Raciolinguistics and Fugitivity: A Critical Discourse Analysis of Black Women Teacher Experiences

dc.contributor.advisorLangman, Juliet
dc.contributor.advisorChristiansen, M. Sidury
dc.contributor.authorMitchell, Kimani Iman
dc.contributor.committeeMemberSmith, Howard
dc.contributor.committeeMemberMoody, Joycelyn
dc.contributor.committeeMemberHenderson, Kathryn
dc.creator.orcidhttps://orcid.org/0009-0003-2134-2229
dc.date.accessioned2024-02-12T15:39:58Z
dc.date.available2024-02-12T15:39:58Z
dc.date.issued2023
dc.descriptionThis item is available only to currently enrolled UTSA students, faculty or staff. To download, navigate to Log In in the top right-hand corner of this screen, then select Log in with my UTSA ID.
dc.description.abstractStudying the experiences of Black educators and Black people is particularly important given the rampant anti-Blackness present in K-12 schools. Often while studying Blackness in schools, the focus is on children and their oppression as it relates to their achievement. This study aimed to expand the fields of raciolinguistics, fugitivity, and education by exploring the experiences of Black women teachers in predominantly non-Black schools and the language they use to describe those experiences. The research questions guiding the study are (1) How do Black women educators describe their experiences in predominantly non-Black schools? (2) How does the language black women educators use to describe their experiences frame the Black experience?Data were collected from participant interviews from three Black women high school teachers in predominantly non-Black schools in an urban city in Texas. Critical discourse analysis was used to analyze the language of participants through a raciolinguistic and fugitivity theoretical lens. Findings demonstrate that these Black women teachers experience additional hardship based on the color of their skin and the language they use. The language of the participants aligns largely with tenets of raciolinguistics and fugitivity relegating Black teachers and students to fugitive spaces, by force and by choice. The findings indicate that Black women teachers use additional raciolinguistic labor to battle stereotypes of Black women. They also co-constructed fugitive spaces with Black staff and students to feel some sense of safety and freedom away from a white listening subject. Stakeholders must consider how to support Black students and teachers to continue to co-construct Black-only spaces for their own well-being and establish environments in which these spaces are less necessary.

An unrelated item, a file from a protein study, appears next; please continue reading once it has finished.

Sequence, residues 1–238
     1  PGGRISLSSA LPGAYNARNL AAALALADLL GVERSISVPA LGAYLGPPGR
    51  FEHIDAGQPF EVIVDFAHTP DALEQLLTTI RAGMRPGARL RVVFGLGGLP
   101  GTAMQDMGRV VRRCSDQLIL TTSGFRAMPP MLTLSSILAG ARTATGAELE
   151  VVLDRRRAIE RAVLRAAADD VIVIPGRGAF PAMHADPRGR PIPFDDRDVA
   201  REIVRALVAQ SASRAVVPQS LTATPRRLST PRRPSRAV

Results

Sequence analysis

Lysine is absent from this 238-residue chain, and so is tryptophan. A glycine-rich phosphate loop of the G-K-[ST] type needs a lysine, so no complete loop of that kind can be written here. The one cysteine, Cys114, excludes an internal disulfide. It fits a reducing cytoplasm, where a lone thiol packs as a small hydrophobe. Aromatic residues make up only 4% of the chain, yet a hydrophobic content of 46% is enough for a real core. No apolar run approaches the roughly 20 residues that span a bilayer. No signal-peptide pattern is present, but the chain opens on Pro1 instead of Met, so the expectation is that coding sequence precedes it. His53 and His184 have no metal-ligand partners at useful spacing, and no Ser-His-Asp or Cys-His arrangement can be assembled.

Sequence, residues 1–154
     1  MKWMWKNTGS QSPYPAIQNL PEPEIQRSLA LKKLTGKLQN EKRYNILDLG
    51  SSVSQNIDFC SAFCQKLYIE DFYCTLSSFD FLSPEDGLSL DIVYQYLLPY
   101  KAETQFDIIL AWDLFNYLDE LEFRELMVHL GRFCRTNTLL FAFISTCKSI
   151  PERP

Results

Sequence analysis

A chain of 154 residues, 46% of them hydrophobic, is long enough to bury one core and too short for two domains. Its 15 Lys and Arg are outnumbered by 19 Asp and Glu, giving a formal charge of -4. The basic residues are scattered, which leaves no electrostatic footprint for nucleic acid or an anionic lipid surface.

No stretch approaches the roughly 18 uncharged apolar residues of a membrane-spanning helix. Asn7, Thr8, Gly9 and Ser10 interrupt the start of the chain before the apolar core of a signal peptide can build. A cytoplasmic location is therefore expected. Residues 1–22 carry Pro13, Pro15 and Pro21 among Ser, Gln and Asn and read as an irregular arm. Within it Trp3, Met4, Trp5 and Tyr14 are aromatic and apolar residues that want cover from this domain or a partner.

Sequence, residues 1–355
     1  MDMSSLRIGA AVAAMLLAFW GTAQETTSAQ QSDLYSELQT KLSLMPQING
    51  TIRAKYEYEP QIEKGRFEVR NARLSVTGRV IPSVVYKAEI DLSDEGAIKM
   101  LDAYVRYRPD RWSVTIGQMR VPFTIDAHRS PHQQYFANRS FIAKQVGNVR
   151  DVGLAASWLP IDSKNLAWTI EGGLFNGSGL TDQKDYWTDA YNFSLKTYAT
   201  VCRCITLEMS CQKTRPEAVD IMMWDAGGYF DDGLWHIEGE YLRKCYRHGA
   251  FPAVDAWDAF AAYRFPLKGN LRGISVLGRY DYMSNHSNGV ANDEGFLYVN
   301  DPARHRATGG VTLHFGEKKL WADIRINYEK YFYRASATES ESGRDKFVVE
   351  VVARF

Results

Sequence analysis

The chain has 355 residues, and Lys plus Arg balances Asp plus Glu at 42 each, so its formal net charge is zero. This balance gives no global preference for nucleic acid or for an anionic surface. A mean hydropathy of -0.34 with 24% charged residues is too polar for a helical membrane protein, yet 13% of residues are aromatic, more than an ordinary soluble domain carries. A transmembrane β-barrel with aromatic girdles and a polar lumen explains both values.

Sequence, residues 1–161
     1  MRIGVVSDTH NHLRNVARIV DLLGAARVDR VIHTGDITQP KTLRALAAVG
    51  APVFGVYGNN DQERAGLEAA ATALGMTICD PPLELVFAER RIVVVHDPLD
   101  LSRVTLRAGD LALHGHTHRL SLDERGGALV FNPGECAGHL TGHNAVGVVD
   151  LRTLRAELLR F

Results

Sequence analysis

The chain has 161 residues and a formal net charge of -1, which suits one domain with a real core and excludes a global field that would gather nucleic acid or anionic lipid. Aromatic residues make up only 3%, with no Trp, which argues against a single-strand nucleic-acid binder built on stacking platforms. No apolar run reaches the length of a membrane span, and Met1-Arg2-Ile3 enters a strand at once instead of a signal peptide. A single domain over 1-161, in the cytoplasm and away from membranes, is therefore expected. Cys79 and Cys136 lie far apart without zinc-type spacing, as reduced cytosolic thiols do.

dc.description.departmentBicultural-Bilingual Studies
dc.format.extent121 pages
dc.format.mimetypeapplication/pdf
dc.identifier.isbn9798379578473
dc.identifier.urihttps://hdl.handle.net/20.500.12588/4537
dc.languageen
dc.subjectBlack women teachers
dc.subjectcritical discourse analysis
dc.subjectfugitive spaces
dc.subjectFugitivity
dc.subjectRaciolinguistics
dc.subject.classificationLinguistics
dc.subject.classificationEducation
dc.subject.classificationAfrican American studies
dc.subject.classificationBlack studies
dc.titleRaciolinguistics and Fugitivity: A Critical Discourse Analysis of Black Women Teacher Experiences
dc.typeThesis
dc.type.dcmiText
dcterms.accessRightspq_closed
thesis.degree.departmentBicultural-Bilingual Studies
thesis.degree.grantorUniversity of Texas at San Antonio
thesis.degree.levelDoctoral
thesis.degree.nameDoctor of Philosophy

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